So, first player Thierry Henry went off to explain the team's actions to President Sarkozy. And now, soon to be ex-coach, Raymond Domenech, and soon to be ex-president of the French football federation, Jean-Pierre Escalettes, were invited to appear before a parliamentary committee, which as one member said, just wanted to try to understand what happened.

And after a three-hour hearing closed to the public and cameras, a session described by one of the lawmakers as more like a news conference than an inquiry, the understanding seemed to be that those who were supposed to be in charge of the team, weren't.

MICHEL HERBILLON, FRENCH NATIONAL ASSEMBLY: We have some answers about the way the French team is managed. And I think we have, on this subject, improvements to make.

LIONEL TARDY, FRENCH NATIONAL ASSEMBLY: It was not a question about winning or losing, it was really a question about education, and the image.

BITTERMANN: As much as the French politicians might love to do something about the French football team, they restrained themselves at the parliamentary hearing and seemed content just to gather the facts.

(On camera): One reason they held back, a warning from FIFA President Seth Blatter, that the French team could be suspended if the government started meddling in team management.

(Voice over): But there is not doubt the team's behavior has had a lasting impact here. Even on young aspiring players who teachers say are now left with not a positive example of good sportsmanship, but the negative image of football stars who some officials here said behave like spoiled children. Jim Bittermann, CNN, Paris.


ANDERSON: Are the governments of France and Nigeria overreacting for the World Cup looses? And is this even a matter for the government? Should sport play a part in politics? Harry Harris has twice won the sports journalist of the year award, and he joins me now from Sunningdale.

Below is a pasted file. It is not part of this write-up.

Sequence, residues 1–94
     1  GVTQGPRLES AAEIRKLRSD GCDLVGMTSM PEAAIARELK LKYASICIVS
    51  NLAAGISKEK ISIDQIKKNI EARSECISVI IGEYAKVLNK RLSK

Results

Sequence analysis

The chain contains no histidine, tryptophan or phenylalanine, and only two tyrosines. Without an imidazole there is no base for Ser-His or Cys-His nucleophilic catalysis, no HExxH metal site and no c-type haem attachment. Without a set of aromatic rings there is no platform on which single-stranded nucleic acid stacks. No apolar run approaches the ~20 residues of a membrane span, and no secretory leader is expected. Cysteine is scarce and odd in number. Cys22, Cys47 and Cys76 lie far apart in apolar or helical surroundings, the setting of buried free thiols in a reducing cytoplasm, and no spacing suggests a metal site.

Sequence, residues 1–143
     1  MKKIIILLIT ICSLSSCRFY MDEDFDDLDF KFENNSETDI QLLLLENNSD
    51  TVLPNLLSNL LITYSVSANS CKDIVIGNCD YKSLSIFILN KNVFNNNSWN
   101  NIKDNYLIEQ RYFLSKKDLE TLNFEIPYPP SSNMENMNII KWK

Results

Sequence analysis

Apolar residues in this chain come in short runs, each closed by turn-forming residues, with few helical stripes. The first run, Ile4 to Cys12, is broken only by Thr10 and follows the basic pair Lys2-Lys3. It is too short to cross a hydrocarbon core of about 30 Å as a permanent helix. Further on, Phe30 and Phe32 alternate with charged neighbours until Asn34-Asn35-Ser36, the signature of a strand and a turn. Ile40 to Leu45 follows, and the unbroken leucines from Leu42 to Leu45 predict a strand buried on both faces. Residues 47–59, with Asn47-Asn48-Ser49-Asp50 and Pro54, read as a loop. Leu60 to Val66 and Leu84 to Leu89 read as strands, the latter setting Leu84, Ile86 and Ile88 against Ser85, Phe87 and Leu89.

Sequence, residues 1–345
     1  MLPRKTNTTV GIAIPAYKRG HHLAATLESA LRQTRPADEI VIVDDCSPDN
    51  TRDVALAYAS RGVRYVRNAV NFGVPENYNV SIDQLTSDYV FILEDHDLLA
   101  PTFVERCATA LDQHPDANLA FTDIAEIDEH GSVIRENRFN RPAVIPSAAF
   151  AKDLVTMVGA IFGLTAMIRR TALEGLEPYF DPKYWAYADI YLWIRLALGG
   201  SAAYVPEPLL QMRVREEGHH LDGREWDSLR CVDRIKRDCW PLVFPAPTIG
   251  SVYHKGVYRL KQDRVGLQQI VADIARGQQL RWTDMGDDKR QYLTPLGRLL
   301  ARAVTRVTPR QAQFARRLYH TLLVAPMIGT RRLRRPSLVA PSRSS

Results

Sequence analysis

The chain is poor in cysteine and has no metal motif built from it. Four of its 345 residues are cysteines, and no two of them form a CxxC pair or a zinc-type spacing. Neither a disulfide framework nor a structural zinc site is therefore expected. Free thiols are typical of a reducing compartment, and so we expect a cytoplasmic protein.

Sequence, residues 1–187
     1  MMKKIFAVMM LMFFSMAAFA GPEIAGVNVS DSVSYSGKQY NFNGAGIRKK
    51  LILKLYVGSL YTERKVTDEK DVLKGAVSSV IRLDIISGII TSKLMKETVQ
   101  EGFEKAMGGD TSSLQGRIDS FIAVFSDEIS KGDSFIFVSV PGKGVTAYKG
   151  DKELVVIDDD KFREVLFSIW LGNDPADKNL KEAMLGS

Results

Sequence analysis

Ah, France, your reaction? What's going on there?

HARRY HARRIS, SPORTS JOURNALIST: Well, I think every one, Becky, would agree, I'm sure they would, that it is abhorrent for governments to be involved in sports. I do not subscribe it in any shape or form for politicians to get involved in this way. I think sports should be run by the sporting governing bodies. I think the governments should just support those supporting governing bodies.


HARRIS: When it comes to providing finance for World Cup and other major tournaments. But to get involved-

ANDERSON: All right. But in the same vein, Harry, we all know, I mean, you know, Sunday afternoon in the U.K., we were all watching what was a terrible game by England. And it is difficult for politicians to not allow football to transcend sport, given that they're voting public are entranced by it, they're taken by it. They believe in the game.

HARRY: Well, Becky, this goes all the way back to Harold Wilson having an election after England won the World Cup in 1966. Politicians will take every opportunity to meddle in sport, because it can potentially become a vote catcher. The whole of England, of course, France, Nigeria, were a disaster in the World Cup. And the public are up in arms about what happened. So if the government intervenes it would be a popularistic view.


HARRIS: But from my point of view, I think it is the wrong way to go. I think Blatter is absolutely right. And I don't agree with Blatter very often, I'll be honest.


HARRIS: But I think he's right to make sure that the governments but out of trying to run the team. I mean, the next thing you'll know is the prime minister of England trying to pick the team. Actually he probably wouldn't do a bad job at it.

ANDERSON: Yes. We wouldn't want Cameron to do that, because I've got a feeling he's a Filhelm (ph) supporter. And although they did well this season, they didn't do that well.

Listen, let's-let's talk about the Nigeria situation. Because while the France situation is interesting, Nigeria, Good Luck Jonathan has just said, you are not going to compete for the next two years. What sort of message does that send out? Most of these guys don't play in Nigeria anyway, do they?